Friday, February 14, 2014

U.S.S. West Point During World War II

U.S.S. West Point
Originally built as the U.S.S. America, this ship was the largest merchant vessel built at the time of World War II. She was converted to a transport vessel, carrying U. S. soldiers to both the Pacific and the European theaters of the war. During WWII, she traveled more than 350.000 miles, more than 14 times around the world, transporting soldiers, the wounded, prisoners of war, and auxillary wartime personnel. Despite her mammoth size, 723 feet overall and 93 feet at the beam, the West Point was as graceful as a clipper ship. She traveled without escort around the world, even though her size made her a prime target of the enemy, particularly the wolf packs. that prowled the North Atlantic. 

Officers of the U.S.S. West Point
Her captain was Webb C. Hayes II (seated second from the right)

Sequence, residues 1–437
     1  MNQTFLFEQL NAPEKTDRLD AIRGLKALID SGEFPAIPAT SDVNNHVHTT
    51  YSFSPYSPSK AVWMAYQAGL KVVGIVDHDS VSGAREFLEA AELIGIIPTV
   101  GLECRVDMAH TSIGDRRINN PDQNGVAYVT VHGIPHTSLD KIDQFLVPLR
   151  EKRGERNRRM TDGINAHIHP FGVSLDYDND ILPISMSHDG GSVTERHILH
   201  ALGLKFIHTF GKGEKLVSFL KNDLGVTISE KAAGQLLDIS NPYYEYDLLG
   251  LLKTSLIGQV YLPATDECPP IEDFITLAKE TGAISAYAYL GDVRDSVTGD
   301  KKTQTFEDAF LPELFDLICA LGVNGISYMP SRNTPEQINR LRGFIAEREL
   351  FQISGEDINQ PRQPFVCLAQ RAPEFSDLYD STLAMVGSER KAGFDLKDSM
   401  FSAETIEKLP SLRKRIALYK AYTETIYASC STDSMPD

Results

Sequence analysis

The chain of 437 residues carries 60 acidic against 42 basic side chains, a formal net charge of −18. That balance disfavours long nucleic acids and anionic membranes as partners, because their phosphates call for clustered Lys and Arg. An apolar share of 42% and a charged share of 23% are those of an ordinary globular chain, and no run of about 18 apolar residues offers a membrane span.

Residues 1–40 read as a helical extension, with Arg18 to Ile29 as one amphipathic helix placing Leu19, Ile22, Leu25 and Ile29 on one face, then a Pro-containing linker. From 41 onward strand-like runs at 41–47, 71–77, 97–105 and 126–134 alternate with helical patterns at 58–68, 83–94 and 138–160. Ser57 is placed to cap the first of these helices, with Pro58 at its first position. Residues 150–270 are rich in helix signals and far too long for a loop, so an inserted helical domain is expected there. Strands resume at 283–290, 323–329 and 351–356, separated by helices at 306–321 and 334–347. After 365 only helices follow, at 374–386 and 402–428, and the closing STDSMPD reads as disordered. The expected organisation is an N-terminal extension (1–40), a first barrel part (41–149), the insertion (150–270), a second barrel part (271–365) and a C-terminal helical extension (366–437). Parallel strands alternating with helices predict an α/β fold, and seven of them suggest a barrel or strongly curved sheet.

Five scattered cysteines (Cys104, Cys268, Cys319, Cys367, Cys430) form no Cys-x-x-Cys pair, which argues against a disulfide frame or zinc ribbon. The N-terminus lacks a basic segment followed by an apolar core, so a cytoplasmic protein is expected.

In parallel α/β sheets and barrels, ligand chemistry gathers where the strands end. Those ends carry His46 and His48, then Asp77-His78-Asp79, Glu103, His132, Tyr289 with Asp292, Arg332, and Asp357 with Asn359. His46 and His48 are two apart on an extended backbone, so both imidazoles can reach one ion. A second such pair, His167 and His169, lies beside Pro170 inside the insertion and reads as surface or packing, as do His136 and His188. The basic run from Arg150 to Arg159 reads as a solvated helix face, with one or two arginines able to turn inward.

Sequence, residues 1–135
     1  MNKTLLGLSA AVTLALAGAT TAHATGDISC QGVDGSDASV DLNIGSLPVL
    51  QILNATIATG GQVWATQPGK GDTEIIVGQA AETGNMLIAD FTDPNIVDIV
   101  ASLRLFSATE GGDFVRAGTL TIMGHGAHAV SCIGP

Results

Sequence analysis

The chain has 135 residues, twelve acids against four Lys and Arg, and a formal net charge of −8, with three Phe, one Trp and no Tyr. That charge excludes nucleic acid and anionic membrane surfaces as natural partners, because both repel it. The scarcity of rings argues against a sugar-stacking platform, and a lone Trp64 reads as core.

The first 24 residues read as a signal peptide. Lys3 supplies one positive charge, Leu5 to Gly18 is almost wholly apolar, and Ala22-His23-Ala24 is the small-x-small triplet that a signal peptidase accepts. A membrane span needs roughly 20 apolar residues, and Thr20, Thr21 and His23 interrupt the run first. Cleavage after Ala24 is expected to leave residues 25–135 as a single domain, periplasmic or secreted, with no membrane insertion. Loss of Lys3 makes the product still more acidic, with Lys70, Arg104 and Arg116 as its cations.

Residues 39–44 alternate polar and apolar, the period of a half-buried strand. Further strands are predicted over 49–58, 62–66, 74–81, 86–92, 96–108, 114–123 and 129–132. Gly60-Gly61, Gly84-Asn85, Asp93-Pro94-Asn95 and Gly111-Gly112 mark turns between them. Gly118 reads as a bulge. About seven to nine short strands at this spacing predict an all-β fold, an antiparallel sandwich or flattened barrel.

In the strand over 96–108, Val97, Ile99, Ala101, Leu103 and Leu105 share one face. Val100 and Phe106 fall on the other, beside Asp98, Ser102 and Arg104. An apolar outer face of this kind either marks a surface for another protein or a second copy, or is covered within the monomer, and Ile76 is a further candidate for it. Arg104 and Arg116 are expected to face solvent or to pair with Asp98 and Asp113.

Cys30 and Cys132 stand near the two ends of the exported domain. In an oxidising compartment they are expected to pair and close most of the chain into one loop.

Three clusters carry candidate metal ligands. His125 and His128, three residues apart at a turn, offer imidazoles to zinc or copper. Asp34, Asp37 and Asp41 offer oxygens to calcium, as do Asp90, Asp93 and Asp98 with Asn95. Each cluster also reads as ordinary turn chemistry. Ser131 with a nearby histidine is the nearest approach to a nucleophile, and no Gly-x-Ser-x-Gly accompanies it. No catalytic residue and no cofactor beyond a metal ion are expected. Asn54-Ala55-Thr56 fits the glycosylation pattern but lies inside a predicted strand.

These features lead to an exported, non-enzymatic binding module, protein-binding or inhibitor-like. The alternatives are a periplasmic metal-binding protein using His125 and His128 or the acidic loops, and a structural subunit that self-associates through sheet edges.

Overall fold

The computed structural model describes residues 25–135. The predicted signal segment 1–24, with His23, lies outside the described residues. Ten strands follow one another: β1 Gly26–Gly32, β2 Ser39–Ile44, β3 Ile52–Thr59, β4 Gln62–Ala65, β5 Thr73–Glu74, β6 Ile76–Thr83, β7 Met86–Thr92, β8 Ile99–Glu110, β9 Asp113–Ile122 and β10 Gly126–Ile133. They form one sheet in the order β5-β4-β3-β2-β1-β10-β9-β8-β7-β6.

During one of his return trips across the North Atlantic during the winter of 1944/1945, Admiral Hayes guided her through a raging storm in which waves swelled to 50 feet. The West Point pitched and rolled. One wave struck the forward gun platform, 50 feet above the water line. The waves demolished the gun platform, crushing a gunner on lookout. Steel ladders were crumpled into shapeless debris and gun shields were ripped to shreds. Only her size and the sea worthiness of her construction allowed her to escape with only the loss of one sailor and minor damage. 

G.Is aboard the U.S.S. West Point

U.S.S. West Point transporting U.S. soldiers home from Europe after V.E. Day. The vessel had a crew of more than 800. She could carry as many as 7.,700 passengers

U.S.S. West Point
July 11, 1945
New York Harbor
Tugs nose the U.S.S. West Point  into her slip in the New York Harbor. Thousands of soldiers stand on  the top deck as they await a hero's  welcome home

U.S. S. West Point arriving in New York Harbor
July 11, 1945

These photographs are part of the Admiral Webb C. Hayes Collection at the Hayes Presidential Center

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